Title

Carbon Sequestration Totals in a Managed Mixed Coniferous Forest vs. an Unmanaged Mixed Coniferous Forest

Poster Number

47

Format

Poster Presentation

Abstract/Artist Statement

A forest is a known source of carbon storage. Live trees are carbon sinks, as they grow absorb carbon. Dead trees are carbon sources, and through decomposition, release carbon back into the atmosphere. Questions have been raised as to whether it is more prudent to remove a small percentage of forest and risk losing valuable sources of carbon storage as opposed to not treating and run the risk of losing a forest to catastrophic wildfire. My hypothesis is that a forest that has been treated will store a higher percentage of carbon than an untreated forest. This study was conducted to determine whether the total amount of forest biomass in a treated forest holds more carbon than in an untreated forest.The study site is the South Grove of Calaveras Big Trees State Park. In addition to containing a relatively undisturbed mixed coniferous old growth forest, it is home to approximately 900 giant sequoias, whose biomass were included in the study.1/10th hectare plots were established in randomly selected located within the basin; 5 were treated with a combination of mechanical thinning and fire, and 5 were left untreated. The plots were inventoried for live tree biomass, standing dead biomass, below ground biomass and lying dead/litter biomass. Protocols designed by the California Climate Action Registry were followed and formulas used for extrapolating the statistics were obtained from the California Energy Commission and other sources.Preliminary results show that a treated forest containing healthy trees does store more carbon than an untreated forest, which contains large amounts of dead woody fuels and growth suppressed trees. Further analysis is needed to confirm.

Location

DeRosa University Center, Ballroom B

Start Date

1-5-2010 1:00 PM

End Date

1-5-2010 3:00 PM

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Carbon Sequestration Totals in a Managed Mixed Coniferous Forest vs. an Unmanaged Mixed Coniferous Forest

DeRosa University Center, Ballroom B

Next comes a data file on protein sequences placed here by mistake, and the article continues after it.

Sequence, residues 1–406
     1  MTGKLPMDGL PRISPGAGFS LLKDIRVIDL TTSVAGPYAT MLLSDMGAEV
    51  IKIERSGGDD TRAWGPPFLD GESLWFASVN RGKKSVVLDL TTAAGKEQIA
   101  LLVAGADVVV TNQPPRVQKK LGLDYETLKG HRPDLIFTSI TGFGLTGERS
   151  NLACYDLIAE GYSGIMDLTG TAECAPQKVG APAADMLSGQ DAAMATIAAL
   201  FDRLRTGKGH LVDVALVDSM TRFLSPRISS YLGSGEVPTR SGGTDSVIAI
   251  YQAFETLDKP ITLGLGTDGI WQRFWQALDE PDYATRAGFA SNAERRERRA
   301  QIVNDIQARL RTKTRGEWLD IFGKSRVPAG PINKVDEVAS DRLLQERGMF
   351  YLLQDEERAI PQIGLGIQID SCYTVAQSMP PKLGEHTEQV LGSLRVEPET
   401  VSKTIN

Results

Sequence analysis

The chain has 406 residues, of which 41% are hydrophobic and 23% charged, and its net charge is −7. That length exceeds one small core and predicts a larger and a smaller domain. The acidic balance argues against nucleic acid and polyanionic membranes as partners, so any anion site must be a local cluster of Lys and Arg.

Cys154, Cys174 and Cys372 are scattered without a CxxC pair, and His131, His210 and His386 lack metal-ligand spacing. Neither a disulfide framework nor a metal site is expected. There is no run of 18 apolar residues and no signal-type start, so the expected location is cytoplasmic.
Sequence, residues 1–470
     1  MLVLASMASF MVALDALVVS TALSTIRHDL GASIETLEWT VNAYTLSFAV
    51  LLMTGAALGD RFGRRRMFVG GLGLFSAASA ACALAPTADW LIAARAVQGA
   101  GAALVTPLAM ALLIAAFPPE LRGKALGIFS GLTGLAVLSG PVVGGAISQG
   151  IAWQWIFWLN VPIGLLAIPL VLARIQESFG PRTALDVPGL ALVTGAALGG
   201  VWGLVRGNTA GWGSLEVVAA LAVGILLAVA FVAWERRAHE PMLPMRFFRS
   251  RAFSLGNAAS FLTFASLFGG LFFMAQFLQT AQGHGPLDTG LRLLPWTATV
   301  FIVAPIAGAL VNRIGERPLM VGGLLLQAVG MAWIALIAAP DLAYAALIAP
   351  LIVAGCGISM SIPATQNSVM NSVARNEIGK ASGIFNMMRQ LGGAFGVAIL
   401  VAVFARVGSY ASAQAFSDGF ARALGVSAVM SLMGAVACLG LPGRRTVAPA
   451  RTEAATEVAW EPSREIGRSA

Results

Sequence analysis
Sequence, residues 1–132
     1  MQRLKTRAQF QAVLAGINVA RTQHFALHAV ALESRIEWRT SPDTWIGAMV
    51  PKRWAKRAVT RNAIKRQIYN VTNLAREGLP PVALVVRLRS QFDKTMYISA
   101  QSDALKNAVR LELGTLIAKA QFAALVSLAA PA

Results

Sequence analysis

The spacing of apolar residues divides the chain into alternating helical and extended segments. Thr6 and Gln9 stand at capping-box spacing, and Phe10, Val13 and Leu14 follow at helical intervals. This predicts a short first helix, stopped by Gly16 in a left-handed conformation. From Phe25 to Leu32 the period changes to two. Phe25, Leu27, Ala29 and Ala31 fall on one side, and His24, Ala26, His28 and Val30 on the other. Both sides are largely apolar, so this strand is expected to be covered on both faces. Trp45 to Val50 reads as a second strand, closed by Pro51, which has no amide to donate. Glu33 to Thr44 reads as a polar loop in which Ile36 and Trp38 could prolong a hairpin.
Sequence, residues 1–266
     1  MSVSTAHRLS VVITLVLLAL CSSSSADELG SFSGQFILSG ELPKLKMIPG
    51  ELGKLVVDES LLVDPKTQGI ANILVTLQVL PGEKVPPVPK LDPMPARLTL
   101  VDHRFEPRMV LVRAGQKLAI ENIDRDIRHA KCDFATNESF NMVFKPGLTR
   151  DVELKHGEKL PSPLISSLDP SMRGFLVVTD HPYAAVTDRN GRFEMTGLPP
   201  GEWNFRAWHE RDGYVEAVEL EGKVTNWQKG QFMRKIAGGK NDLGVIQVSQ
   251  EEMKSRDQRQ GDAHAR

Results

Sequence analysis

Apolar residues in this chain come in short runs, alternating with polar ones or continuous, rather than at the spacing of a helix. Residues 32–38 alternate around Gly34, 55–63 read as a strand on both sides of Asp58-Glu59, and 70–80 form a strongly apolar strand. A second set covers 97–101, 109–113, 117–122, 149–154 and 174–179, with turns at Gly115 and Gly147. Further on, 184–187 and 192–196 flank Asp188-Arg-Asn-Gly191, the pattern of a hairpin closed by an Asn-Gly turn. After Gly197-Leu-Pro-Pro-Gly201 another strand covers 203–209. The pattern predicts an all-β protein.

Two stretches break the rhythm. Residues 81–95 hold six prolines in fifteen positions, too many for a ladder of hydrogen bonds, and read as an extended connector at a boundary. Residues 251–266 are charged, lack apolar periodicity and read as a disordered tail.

A forest is a known source of carbon storage. Live trees are carbon sinks, as they grow absorb carbon. Dead trees are carbon sources, and through decomposition, release carbon back into the atmosphere. Questions have been raised as to whether it is more prudent to remove a small percentage of forest and risk losing valuable sources of carbon storage as opposed to not treating and run the risk of losing a forest to catastrophic wildfire. My hypothesis is that a forest that has been treated will store a higher percentage of carbon than an untreated forest. This study was conducted to determine whether the total amount of forest biomass in a treated forest holds more carbon than in an untreated forest.The study site is the South Grove of Calaveras Big Trees State Park. In addition to containing a relatively undisturbed mixed coniferous old growth forest, it is home to approximately 900 giant sequoias, whose biomass were included in the study.1/10th hectare plots were established in randomly selected located within the basin; 5 were treated with a combination of mechanical thinning and fire, and 5 were left untreated. The plots were inventoried for live tree biomass, standing dead biomass, below ground biomass and lying dead/litter biomass. Protocols designed by the California Climate Action Registry were followed and formulas used for extrapolating the statistics were obtained from the California Energy Commission and other sources.Preliminary results show that a treated forest containing healthy trees does store more carbon than an untreated forest, which contains large amounts of dead woody fuels and growth suppressed trees. Further analysis is needed to confirm.